PD. Anyway, thanks to Koushik Dutta for creating a really great piece of code. I don’t try minimise it’s value. It is a very useful library, although I got to know about it very recently, so I created something apart.

Also thanks to Oriol Jimenez for his very inspirational presentation at GDG DevFest in Barcelona and DroidconES in Murcia later this year. You can find more good advices there (if you understand Spanish).

The second life of the ExoPC slate

Almost two years ago Intel aproached developers in Barcelona with the mysterious tablet called ExoPC and very early version of MeeGo operating system. Some lucky developers walked out with the device and were able to start hacking on this touch screen enabled netbook tablet (indeed this device is powered by the Intel Atom x86 processor which used to be the heart of Netbooks). It was not very convenient to use, because MeeGo operating system never reached its maturity and was abandoned. There was no viable alternative for a long time. One could install Ubuntu or Windows 7 but those operating systems were not well prepared for operating without keyboard or mouse.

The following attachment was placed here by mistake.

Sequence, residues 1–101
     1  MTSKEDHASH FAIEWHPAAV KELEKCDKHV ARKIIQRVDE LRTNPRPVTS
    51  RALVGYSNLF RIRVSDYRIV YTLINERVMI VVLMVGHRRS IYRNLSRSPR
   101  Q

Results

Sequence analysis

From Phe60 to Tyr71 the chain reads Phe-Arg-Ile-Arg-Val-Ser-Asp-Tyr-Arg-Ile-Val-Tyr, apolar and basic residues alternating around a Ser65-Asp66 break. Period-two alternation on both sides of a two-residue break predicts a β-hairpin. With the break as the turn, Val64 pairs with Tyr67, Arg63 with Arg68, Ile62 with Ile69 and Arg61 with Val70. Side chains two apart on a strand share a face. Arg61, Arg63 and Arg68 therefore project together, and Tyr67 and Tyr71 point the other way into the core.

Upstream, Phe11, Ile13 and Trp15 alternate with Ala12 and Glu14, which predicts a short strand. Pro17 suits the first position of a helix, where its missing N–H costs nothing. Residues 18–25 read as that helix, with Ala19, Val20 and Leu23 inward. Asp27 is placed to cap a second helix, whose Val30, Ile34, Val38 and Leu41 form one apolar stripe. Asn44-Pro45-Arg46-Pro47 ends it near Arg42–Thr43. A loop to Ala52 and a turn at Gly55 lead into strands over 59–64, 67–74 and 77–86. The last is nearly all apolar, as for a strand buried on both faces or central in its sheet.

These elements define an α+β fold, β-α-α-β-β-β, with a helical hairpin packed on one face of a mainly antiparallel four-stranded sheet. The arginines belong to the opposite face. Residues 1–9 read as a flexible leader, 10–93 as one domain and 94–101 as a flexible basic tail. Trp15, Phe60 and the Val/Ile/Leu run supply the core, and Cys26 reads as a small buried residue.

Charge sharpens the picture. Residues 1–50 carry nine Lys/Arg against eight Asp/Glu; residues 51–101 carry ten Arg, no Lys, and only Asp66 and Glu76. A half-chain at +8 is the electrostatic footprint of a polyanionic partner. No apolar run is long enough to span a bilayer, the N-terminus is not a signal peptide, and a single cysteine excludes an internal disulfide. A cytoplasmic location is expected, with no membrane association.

ExoPC running Windows 8

There surely was a place for Atom powered x86 tablets in the market and I never gave up on this device. Some new opportunities emerged soon. While most people are abandoning netbooks today, ExoPC still resists this trend, mainly because of two reasons: touchscreen, more than average resolution of 1366 x 768 pixels and a decent 2GB of RAM. Two new (or heavily refreshed) operating systems appeared as an alternative OS for this device: Android 4 and Windows 8.